Corey Lewandowski Just as Worthless as Expected at the City Club

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SAM ALLARD / SCENE
  • Sam Allard / Scene
Whatever it was that former Republican strategist and deposed cable news commentator Corey Lewandowski hoped to communicate to the paying audience at the City Club of Cleveland Thursday afternoon, the takeaways from this controversial forum will have little to do with his remarks.

How could they? Lewandowski's speech, and his wobbly answers to seven audience questions, were so destitute of worth and truth that the crowd could do little but sigh and shake their heads as they processed to the elevators after City Club CEO Dan Moulthrop glumly adjourned the forum just as tempers began to flare. The Donald Trump sympathizers in the audience had stumbled upon sporadic moments of applause that never quite rose to the level of rounds, but even they might have found it difficult to defend the charade on anything other than propaganda grounds.

Near the exits, some of the attendees remarked upon the "tension" in the room. Others felt Lewandowski had deflected most of the substantive questions, a feeling we shared and one we'd be remiss not to illustrate:

The third audience question invited Lewandowski to reflect on why Americans should believe anything Donald Trump says "if he can't even be honest about his golf scores?"

Lewandowski ignored the question and replied that he'd never played golf with Trump, but that he was "probably the best golfer, as a President, that we have ever seen."

The answer was in keeping with the speech's fawning tone, in open defiance of seriousness. Among other superlatives, Donald Trump was described as the "greatest political phenomenon of all-time." He was the best marketer, he was the most successful businessman, he had prevailed in the 2016 primaries against "the greatest Republican field of all-time."

"In whatever he has sought to achieve," Lewandowski remarked early on, "he has been successful."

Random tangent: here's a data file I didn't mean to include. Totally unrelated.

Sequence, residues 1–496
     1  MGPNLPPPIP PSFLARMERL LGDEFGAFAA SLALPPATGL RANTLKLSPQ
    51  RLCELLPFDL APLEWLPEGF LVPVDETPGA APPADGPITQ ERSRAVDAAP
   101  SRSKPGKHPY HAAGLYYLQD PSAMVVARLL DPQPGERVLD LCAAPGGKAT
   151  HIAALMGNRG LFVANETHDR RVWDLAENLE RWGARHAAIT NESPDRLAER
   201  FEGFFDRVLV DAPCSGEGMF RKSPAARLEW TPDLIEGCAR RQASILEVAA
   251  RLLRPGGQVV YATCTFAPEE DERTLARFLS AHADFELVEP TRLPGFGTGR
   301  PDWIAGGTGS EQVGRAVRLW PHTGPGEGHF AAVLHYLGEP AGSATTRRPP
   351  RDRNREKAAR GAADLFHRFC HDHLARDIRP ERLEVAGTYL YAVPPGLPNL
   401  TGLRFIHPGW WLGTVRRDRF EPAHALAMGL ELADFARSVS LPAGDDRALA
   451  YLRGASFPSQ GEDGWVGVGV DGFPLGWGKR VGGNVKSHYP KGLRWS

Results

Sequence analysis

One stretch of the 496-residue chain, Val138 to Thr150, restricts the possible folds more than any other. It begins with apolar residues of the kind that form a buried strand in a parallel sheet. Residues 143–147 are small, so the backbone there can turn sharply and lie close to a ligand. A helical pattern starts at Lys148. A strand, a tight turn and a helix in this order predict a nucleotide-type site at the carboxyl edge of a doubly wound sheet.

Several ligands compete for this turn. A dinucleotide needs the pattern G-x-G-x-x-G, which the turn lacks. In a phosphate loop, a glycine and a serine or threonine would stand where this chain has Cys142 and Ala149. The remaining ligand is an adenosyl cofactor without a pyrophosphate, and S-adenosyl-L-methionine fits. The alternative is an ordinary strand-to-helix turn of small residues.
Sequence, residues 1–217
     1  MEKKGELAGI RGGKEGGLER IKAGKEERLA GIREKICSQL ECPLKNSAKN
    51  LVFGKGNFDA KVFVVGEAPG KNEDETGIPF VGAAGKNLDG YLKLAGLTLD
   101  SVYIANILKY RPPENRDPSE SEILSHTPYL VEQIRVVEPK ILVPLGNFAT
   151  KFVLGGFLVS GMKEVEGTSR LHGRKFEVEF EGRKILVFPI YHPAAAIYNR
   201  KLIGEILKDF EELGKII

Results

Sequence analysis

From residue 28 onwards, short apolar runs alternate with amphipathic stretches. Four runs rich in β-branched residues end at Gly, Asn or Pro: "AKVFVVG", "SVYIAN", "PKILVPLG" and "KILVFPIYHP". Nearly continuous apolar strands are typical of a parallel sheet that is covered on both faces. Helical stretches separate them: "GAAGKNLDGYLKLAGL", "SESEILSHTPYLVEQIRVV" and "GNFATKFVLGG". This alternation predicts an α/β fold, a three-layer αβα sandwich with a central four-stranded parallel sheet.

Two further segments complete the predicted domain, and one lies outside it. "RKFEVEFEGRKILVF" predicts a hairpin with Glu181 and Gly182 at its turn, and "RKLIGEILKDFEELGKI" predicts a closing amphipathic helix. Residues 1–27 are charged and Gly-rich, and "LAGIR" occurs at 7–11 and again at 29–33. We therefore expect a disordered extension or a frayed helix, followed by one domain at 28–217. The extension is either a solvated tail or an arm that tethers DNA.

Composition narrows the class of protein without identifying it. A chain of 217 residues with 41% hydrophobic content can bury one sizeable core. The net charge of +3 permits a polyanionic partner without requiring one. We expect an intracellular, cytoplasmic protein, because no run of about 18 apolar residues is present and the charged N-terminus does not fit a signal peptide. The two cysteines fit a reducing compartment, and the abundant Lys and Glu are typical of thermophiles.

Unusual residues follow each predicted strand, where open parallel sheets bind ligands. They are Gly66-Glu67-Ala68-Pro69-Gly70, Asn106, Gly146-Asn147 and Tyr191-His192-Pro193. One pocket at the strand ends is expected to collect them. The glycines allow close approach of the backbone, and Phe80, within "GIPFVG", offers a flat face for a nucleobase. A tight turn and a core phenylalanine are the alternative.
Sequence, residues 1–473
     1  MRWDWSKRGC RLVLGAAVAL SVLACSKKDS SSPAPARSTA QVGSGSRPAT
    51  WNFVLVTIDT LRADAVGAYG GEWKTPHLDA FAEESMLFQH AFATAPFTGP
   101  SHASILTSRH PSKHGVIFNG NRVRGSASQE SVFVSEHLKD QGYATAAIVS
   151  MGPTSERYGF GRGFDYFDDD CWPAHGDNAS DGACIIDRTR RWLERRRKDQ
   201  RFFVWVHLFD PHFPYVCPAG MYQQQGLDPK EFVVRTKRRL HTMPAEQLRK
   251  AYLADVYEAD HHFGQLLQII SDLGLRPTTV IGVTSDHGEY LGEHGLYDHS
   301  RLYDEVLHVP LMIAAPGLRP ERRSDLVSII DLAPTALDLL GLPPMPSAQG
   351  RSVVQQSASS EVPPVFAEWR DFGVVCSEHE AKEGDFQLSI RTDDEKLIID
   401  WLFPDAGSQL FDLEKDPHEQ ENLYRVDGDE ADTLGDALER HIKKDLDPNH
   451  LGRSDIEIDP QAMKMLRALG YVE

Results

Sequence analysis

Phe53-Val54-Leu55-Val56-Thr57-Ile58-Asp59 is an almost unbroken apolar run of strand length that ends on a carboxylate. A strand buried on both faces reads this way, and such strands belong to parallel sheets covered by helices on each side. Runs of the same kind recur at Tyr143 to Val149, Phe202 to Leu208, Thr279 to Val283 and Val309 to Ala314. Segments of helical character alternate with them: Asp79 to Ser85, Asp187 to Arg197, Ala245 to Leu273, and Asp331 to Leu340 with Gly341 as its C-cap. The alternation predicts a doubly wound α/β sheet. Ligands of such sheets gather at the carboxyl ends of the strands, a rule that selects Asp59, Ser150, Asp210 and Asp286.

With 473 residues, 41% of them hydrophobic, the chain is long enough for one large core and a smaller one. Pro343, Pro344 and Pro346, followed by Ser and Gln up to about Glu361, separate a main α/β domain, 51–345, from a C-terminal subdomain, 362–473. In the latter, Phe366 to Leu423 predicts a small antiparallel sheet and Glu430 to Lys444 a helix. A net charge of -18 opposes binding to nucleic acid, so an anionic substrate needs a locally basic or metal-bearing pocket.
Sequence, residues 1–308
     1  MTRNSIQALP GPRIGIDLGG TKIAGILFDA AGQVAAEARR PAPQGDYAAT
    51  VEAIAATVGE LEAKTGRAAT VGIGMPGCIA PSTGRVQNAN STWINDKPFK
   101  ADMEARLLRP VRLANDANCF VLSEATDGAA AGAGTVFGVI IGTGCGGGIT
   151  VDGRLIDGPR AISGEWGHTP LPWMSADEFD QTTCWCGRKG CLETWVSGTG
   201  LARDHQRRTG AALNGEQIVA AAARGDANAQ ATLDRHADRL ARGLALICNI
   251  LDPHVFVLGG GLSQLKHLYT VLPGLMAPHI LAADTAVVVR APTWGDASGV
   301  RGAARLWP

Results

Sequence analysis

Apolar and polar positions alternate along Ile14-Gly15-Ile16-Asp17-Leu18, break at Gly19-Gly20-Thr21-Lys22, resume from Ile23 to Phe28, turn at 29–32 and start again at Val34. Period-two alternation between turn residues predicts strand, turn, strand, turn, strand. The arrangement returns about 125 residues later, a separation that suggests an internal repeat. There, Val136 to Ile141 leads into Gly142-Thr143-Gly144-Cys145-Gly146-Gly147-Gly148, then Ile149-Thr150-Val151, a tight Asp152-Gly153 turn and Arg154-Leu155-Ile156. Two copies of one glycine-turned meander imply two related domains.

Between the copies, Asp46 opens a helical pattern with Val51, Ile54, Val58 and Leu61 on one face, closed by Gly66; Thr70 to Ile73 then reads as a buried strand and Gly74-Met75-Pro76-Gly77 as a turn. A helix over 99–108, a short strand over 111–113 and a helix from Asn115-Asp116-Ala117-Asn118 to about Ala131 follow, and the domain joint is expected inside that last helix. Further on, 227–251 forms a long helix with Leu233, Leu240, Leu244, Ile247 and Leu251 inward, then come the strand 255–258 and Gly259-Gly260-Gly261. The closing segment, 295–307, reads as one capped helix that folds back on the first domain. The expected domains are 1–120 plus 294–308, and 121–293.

Some of these assertions might be partially true, but the speech was devoid of all self-awareness, as blindly promotional as a statement from Trump himself. Instead of explaining how the campaign created or capitalized on Trump's popularity, Lewandowski merely lavished praise upon his former boss and recounted inconsequential tales of the campaign trail. His remarks immediately contradicted Congressman and gubernatorial hopeful Jim Renacci, who'd suggested Lewandowski's appearance to the City Club in the first place and who gave the introduction. Renacci called Lewandowski a "skillfully disruptive" campaign manager and pegged him as a man who "understands the mood and pulse of the American people."

Lewandowski is nothing of the kind, or else a master of disguise.

He revealed himself to be precisely what he'd revealed himself to be many times before: a minor campaign personality with a bad temper known chiefly for assaulting reporters and being constantly fired. He had nothing to offer in the way of insight, as his speech rehashed familiar tirades against the mainstream media and re-asserted loyalty to Trump.

"If you're not willing to come here and work 20 hours a day," Lewandowski said, recapping how he hired campaign staffers, "we don't want you."

Some other campaign anecdotes: McDonald's six days a week on "Trump Force One"; an unsanctioned helicopter ride for kids; the meeting at Trump Tower when Lewandowski was bowled over by Trump's presidential resolve.